Small Business Cash Flow: Strategies for Success

November 26, 2021
Woman looking at her cellphone while working. Sandy Spring Bank

Cash flow is the lifeblood of any small business. Simply put, it is the money that flows in and out, enabling you to pay your vendors, your employees, and meet your financial obligations. But your cash flow needs can change based on the season, the growth of your business, or an unexpected event, which is why advance planning is a must.

Understanding your cash flow needs

Managing cash flow fluctuations throughout seasonal or slow business cycles ensures that you are always able to meet financial obligations. To know how much cash you need and when, business owners must create a cash flow plan that outlines how much cash you need to have on hand, so you don’t run into financial issues.

Given the post-COVID scenario we’re all facing, your business’s cash flow needs may have changed over the past year and a half. At Sandy Spring Bank, we work closely with our clients to determine how their cash flow impacts their business in both the short term and long term, providing advice and guidance to help you create a customized plan to make more informed, strategic decisions. Therefore, it’s critical to properly forecast and plan for unexpected cash flow issues.

Ways to manage your business cash flow

There are several ways for businesses to manage their cash flow. Depending on the size of your business, it might make sense to keep a set amount of cash on hand in reserve to manage cash flow fluctuations internally. Doing so can help you stay afloat if some of your customers don’t pay on time – business owners can use their cash reserves to meet those short-term financial commitments. This cushion can help you avoid business interruptions if something out of left field happens.

However, for many small businesses, the cash flow cycle is more volatile. You might have one great month where money is flowing, followed by a light month where cash isn’t as accessible. This is where a line of credit can be extremely beneficial. A line of credit can plug the cash flow hole and help you manage the timing of collections and expenditures, giving your business a financial backup to draw on short term. That way, you can focus on growing your business without missing important payments.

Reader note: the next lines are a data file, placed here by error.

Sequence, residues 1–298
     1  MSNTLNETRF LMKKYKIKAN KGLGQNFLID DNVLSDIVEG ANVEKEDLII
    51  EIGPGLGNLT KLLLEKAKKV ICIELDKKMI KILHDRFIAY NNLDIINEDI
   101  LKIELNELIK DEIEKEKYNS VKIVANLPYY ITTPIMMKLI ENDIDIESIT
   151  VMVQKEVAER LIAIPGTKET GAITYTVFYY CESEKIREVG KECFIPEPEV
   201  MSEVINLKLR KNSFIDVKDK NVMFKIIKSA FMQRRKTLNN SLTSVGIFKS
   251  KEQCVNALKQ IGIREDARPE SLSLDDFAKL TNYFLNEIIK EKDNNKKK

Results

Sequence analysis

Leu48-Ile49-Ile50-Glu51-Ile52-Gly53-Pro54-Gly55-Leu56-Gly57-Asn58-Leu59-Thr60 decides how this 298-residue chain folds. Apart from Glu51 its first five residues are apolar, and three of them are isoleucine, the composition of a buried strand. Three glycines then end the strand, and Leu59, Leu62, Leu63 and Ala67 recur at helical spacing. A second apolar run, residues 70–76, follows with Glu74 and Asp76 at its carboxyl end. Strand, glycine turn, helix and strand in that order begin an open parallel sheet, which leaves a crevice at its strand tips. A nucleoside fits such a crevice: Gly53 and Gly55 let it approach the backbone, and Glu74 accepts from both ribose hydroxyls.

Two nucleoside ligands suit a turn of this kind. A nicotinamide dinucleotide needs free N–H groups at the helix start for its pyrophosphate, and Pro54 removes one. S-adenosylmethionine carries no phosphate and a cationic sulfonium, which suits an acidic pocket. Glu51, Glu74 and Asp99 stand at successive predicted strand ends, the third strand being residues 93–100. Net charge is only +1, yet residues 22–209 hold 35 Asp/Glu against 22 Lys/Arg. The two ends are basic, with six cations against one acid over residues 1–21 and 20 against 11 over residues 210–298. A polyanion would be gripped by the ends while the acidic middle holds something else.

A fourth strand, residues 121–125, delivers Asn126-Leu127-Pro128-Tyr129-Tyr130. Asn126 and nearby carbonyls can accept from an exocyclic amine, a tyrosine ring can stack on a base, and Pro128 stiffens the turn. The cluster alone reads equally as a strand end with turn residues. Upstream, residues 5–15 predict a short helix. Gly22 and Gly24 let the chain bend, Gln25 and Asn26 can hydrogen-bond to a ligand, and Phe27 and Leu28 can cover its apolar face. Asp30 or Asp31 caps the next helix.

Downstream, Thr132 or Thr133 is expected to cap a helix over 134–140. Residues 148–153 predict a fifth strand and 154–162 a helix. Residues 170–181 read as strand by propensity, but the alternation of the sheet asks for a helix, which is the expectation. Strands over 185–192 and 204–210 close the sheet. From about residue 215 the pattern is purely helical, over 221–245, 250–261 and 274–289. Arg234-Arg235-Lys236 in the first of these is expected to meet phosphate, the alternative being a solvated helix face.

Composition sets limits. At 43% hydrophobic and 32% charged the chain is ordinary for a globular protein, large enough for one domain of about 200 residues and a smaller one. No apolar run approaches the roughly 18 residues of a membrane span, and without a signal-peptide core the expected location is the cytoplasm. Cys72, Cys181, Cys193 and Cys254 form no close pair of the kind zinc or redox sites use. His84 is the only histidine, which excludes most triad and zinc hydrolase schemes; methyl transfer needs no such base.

Client advocacy

When it comes to creating a cash flow plan for your business, having a solid relationship with a bank is a must. At Sandy Spring Bank, we listen to the specific circumstances of our small business clients and design a financial solution that works for them. While every bank, regardless of size, has its own formula and amount of risk they’re willing to take, a community bank like Sandy Spring Bank often can offer a customized solution, which can create more certainty and less stress for small business owners.

  • Example:
    A local trucking company was seeking a new bank to help manage their seasonal cash flow fluctuations. The company had been profitable for more than 20 consecutive years and had a solid financial track record. Still, their existing bank had instituted numerous restrictions and covenants that this company needed to meet to keep their line of credit. This made it very challenging for them to meet their financial obligations due to the seasonality of their business. Sandy Spring Bank listened to the company’s challenges and provided a line of credit that provided greater availability and was simpler for the client to manage. And most importantly, they are now easily able to keep both their employees paid and financial obligations met, all year round.

One of the keys to managing your cash flow is working with a bank that understands your business. Sandy Spring Bank knows what it takes to build a business in our community, and we have the banking tools to help you do the same. To discuss banking solutions for your business, contact us today by calling one of our business banking representatives at 866.867.1570.

This material is provided solely for educational purposes and is not intended to constitute tax, legal or accounting advice, or a recommendation for any particular transaction.